Born in Delft, Mijtens, or Mytens, had settled in London by 1618. He became court painter to James I in 1621 and also held the title under Charles I (1600-1649), until 1634, by which time Anthony van Dyck was reestablished in England. This is the prime, 1629 version of a standard full-length royal portrait type, with fine, detailed drapery painting and minor adjustments to various contours made by the artist.
This portrait is generally agreed to be the prime version of one of the standard types of royal portraits that the artist painted in London between the king's accession to the throne in 1625 and Mijtens's departure from England in 1634. The canvas is signed and dated 1629, and despite condition problems is clearly consistent in execution with autograph works of the period, such as the impressive full-length portrait of James, Duke of Hamilton, also of 1629 (Duke of Hamilton collection, on loan to the National Gallery of Scotland, Edinburgh). The modeling of the figure, the sense of space around it, the suggestion of textures, the delicate handling of costume details, and a few pentimenti (for example, in the contours of the lace collar) leave little room for doubt about Mijtens's authorship.
Mijtens painted full-length portraits of Charles as Prince of Wales in the early 1620s. Ter Kuile (1969) considers the example at Parham Park, Sussex, to date from as early as 1621, and the one at Hampton Court is dated 1623. In these images and in the portrait of a more mature-looking prince dated 1624 (National Gallery of Canada, Ottawa), Charles is turned in a three-quarters view to the right. The very large canvas dated 1626 and 1627 in the Galleria Sabauda, Turin, which has an elaborate architectural setting by Hendrick van Steenwyck the Younger (ca. 1580–?1649), shows the king from the same angle but in a more authoritative pose, with his right hand extended straight to a cane and his left arm akimbo. In 1628, Mijtens repeated the Turin-type figure of the king in a full-length portrait at Windsor Castle, where the setting is reduced to a tiled floor and a pillar and curtain flanking a balustrade (suggesting a balcony or terrace) with a view of landscape. Autograph replicas of the Windsor version are in Milton House, Northamptonshire, and in Hatfield House, Hertfordshire.
A new series of royal portraits begins with The Met's picture, where the king no longer seems to insist on his majesty, but simply stands next to its symbols on the table: the orb, scepter, and crown. He is dressed in red with silver embroidery and wears tan gloves and boots, and gold spurs. The blue sash and blue ribbon (the latter falling from behind the left knee) represent the Order of the Garter.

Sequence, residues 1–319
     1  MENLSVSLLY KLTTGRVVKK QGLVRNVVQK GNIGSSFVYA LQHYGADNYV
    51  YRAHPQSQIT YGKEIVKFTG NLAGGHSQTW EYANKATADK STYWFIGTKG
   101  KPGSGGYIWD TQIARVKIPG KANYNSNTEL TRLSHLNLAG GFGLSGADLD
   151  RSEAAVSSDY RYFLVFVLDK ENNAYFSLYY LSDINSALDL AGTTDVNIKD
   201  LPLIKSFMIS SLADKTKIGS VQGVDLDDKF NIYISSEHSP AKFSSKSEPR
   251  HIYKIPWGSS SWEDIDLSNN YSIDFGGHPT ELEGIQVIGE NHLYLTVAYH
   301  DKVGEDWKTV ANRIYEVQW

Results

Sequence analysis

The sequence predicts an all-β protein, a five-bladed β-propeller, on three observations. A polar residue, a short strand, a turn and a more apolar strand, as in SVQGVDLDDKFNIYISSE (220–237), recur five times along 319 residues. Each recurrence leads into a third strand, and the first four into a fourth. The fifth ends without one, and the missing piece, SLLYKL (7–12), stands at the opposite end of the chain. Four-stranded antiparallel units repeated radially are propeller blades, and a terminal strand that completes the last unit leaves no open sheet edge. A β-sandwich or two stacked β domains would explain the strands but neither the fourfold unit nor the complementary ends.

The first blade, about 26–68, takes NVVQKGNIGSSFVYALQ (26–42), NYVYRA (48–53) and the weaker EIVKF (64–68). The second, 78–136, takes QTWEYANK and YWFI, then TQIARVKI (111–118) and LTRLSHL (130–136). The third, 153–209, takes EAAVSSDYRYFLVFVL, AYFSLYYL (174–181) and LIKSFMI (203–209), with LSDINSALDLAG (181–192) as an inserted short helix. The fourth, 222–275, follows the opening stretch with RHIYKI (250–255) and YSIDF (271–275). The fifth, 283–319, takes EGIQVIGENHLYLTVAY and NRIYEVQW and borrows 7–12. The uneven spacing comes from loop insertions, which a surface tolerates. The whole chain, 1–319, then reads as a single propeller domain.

A workshop replica, unsigned but dated 1629, was formerly in the Spencer-Churchill collection at Northwick Park. Another unsigned version, dated 1631, is in the National Maritime Museum, Greenwich. The copy of The Met's painting in the Devonshire Collection at Chatsworth, Derbyshire, is monogrammed by Cornelis Jonson van Ceulen the Elder and dated 1631, which suggests that either the artist worked in Mijtens's studio (with other assistants, to be sure) or that about 1631 he was specially engaged to help satisfy demand. In addition, an unsigned version of the present composition, but with the figure in a dark gray costume with different details and no embroidery, is dated 1631 (National Portrait Gallery, London).
A third type of full-length portrait of Charles I by Mijtens presents the king in the ceremonial robes of the Order of the Garter. The prime version, dated 1633, is in Milton House, Northamptonshire. Much as this (most likely) last image of the king by Mijtens was adopted and improved by Van Dyck in his Charles I in Robes of State, dated 1636 (Windsor Castle), the same artist's Charles I at the Hunt ("Le roi à la ciasse") of about 1636 (Musée du Louvre, Paris), draws upon both earlier types of Charles I with a cane, and yet gives the impression that the king himself created the dashing pose.
Stopes (1910) published two references in royal account books of the period, one of which probably is to The Met's painting. The more promising of the two entries is the first, dated April 2, 1630: "bill for Daniell Mittens . . . viz., £60 for his Majesty's picture at large with a prospect, and the Crown and the Sceptre, in a scarlet embroidered suit." On June 29, 1631, the artist was credited "£50 for his Majesty's picture at large, with a prospect and the Crown and Sceptre, in a scarlet embroidered suit, delivered by special command unto the Lord Bishop of London in April, 1631."
The reference to France in the inscription on this canvas was earned through the king's marriage, in 1625, to Henrietta Maria (1609–1669), youngest child of Henry IV of France and Marie de Médicis.
[2017; adapted from Liedtke 2007]
Inscription: Signed, dated, and inscribed: (lower right) Pinxit Daniel Mytens; (right, on column base) CAROLVS D[EI]G[RATIA] MAG[NI] / BRITANNIÆ FRANCIÆ / ET HIBERNIÆ REX / FIDEI DEFENSOR. / ÆTAT. 29. / ANNO 1629 (Charles, by the Grace of almighty God, king of Britain, France, and Ireland. Defender of the Faith. Aged 29. In the year 1629)